So finally, let's look at another graph with no domain restrictions. I've got another example of a rational function, f of x is equal to 3 over x squared plus 2x plus 2. I know that all solutions to this expression being equal to 0 are going to be a domain restriction. We don't want the denominator to be equal to zero.

So I can examine whether this expression x squared plus 2x plus 2-- I can look at when that is going to be equal to 0. And I would do that do that by solving a quadratic equation. However, I also know that if the discriminant, the value of b squared minus 4ac, if that is less than 0, then I know that this equation is going to have no real solution.

So b squared minus 4ac-- the values of a, b, and c are going to come from my quadratic, the coefficients and the constant. So my value for b is 2. My value for a is 1. There's no number in front of x squared. And my value for c is 2. So simplifying this, 2 squared is 4. 4 times 1 times 2 is 8. And 4 minus 8 is negative 4, which is less than 0.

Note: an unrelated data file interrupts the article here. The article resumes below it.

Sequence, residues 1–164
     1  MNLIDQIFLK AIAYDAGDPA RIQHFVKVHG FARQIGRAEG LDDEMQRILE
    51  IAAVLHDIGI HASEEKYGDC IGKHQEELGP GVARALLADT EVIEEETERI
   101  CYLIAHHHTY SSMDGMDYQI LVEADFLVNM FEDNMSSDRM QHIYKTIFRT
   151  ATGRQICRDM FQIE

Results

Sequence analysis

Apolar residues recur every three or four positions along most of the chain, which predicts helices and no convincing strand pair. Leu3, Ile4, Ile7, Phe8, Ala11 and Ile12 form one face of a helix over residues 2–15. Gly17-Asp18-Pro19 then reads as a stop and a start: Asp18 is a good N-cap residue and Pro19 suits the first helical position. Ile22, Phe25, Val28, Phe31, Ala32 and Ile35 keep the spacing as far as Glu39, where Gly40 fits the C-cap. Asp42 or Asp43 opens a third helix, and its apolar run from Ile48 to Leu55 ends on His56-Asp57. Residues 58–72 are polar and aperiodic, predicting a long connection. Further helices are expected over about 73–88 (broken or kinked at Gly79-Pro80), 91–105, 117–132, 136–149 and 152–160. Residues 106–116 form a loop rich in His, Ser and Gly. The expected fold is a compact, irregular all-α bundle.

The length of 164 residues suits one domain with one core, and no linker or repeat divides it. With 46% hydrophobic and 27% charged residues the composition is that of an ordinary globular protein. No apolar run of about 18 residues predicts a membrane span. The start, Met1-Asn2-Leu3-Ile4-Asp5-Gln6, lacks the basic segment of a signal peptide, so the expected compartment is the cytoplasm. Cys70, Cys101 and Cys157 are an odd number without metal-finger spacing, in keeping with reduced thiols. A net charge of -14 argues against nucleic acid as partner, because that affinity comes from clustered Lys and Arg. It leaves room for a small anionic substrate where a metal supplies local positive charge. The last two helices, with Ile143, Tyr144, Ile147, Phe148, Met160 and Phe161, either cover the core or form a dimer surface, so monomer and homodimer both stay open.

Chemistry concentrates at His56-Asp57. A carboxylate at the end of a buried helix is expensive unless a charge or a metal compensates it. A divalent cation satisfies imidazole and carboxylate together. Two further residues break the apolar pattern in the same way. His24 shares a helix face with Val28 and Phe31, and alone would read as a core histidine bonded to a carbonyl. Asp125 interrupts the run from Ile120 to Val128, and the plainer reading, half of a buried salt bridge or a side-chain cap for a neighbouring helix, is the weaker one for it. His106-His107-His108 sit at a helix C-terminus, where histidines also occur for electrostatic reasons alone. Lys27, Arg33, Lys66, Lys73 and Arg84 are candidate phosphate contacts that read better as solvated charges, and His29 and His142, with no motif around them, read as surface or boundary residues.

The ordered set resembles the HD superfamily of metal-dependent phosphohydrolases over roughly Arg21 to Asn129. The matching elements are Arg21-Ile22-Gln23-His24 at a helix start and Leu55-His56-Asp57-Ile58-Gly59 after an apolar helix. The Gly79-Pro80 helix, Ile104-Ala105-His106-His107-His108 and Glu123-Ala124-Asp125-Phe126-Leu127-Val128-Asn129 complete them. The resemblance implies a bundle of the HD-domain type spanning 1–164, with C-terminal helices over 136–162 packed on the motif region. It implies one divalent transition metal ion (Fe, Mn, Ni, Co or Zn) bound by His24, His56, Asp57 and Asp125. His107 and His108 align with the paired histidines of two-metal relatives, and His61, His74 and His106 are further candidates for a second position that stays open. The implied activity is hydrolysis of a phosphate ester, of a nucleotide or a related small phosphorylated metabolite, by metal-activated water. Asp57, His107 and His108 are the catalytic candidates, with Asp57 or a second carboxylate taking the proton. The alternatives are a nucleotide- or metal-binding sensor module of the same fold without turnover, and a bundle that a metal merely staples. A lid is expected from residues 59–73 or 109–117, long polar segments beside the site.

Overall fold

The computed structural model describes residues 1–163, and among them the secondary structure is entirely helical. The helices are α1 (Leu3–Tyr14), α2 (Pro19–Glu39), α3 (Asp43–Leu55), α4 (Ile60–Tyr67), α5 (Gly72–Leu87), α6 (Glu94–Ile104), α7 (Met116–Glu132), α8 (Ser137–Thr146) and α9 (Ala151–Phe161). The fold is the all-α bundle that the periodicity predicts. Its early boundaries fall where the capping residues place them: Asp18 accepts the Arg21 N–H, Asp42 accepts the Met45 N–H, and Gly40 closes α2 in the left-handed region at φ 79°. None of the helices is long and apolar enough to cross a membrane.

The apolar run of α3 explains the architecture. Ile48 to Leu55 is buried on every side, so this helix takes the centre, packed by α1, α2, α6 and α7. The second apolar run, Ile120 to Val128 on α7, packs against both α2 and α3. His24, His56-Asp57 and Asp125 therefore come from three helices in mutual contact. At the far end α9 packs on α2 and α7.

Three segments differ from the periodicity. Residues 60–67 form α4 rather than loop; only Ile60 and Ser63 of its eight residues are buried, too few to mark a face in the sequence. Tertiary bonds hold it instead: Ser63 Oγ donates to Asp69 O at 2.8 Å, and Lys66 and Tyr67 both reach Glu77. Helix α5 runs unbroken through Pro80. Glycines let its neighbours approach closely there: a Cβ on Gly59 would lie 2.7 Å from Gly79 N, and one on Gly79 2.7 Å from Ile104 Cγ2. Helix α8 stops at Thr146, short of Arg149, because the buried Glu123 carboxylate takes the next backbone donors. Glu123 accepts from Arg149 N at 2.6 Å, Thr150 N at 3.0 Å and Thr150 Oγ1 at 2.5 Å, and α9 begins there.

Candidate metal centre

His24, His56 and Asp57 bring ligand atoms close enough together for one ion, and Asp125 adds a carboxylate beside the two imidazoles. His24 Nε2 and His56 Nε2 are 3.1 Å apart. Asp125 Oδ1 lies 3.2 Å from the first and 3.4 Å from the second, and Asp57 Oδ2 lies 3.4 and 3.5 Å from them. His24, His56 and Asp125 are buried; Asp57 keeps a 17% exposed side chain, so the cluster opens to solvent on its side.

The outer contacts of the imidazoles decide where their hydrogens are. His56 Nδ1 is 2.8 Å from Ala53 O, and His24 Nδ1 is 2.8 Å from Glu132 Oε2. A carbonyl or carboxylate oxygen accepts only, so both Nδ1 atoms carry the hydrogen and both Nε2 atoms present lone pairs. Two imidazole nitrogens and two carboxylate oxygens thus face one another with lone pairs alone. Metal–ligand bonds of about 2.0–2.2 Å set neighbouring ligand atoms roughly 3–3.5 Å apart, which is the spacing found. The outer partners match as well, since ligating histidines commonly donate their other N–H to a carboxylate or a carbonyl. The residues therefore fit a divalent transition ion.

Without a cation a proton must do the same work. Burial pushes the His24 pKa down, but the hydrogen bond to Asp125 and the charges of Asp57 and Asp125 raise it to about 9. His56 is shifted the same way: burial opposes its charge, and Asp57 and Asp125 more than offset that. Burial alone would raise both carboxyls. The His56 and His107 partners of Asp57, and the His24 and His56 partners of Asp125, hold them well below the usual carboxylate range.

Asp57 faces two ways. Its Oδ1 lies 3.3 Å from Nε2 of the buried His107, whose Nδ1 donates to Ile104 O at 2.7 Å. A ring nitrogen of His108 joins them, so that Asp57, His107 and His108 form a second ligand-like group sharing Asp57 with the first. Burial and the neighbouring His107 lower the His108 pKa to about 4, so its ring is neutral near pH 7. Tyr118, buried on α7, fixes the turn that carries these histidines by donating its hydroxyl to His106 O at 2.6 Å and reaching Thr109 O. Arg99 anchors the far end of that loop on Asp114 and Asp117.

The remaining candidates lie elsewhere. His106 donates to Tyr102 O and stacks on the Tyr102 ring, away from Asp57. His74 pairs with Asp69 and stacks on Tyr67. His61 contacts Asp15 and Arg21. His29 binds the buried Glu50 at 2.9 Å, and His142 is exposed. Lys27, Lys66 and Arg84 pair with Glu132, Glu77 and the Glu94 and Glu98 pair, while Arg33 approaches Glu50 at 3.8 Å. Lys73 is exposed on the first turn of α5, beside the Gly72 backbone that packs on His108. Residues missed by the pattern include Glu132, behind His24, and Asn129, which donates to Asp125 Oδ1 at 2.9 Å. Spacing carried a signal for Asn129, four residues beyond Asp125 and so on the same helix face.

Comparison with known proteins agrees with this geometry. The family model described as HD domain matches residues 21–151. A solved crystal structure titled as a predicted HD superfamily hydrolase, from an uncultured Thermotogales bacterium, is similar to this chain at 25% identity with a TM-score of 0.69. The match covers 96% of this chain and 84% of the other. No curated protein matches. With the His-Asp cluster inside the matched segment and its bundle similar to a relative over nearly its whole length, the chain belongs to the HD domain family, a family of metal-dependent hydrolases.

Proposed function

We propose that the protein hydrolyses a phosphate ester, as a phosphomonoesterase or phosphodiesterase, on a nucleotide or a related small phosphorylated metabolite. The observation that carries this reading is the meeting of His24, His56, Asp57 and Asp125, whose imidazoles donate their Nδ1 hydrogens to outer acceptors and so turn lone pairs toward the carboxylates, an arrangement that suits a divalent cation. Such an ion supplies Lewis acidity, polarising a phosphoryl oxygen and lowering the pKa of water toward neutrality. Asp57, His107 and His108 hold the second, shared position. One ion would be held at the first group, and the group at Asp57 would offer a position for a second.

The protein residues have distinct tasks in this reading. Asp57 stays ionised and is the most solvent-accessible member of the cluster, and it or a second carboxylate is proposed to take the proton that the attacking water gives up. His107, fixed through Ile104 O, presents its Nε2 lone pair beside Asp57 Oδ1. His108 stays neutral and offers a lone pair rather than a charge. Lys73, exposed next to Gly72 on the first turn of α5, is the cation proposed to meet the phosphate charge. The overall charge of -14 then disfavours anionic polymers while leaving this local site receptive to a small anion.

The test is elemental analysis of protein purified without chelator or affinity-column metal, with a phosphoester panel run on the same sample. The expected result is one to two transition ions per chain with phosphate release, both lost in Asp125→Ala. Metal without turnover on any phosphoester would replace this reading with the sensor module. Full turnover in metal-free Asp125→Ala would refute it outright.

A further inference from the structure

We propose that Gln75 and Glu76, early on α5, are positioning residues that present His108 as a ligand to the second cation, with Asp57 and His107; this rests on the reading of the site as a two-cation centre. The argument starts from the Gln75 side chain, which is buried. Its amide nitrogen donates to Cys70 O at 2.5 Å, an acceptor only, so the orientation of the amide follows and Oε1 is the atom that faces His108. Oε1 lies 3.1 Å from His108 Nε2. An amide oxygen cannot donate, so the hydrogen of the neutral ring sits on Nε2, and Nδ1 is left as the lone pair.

So since we have seen that our discriminant is less than 0 or negative, we know that this quadratic equation has no real solution, which means again that my domain has no restrictions to the values of x. So we can conclude that the domain of this function is all real values of x. And we can see that from the graph, that it looks like it's covering all x values.

So let's go over our key points from today. In a function, the domain is the set of all possible input values of the function and the range is the set of all possible output values of the function. Functions with a square root have domain restrictions because the square root of a negative value is undefined. And functions with a fraction have domain restrictions because division by 0 leaves the function undefined.

So I hope that these key points and examples helped you understand a little bit more about finding the domain and range of a function. Keep using your notes and keep on practicing, and soon you'll be a pro. Thanks for watching.

Notes on "Finding the Domain and Range of Functions"

Key Terms

Domain: The set of input values of a function or relation.

Range: The set of output values of a function or relation.

Key Formulas

None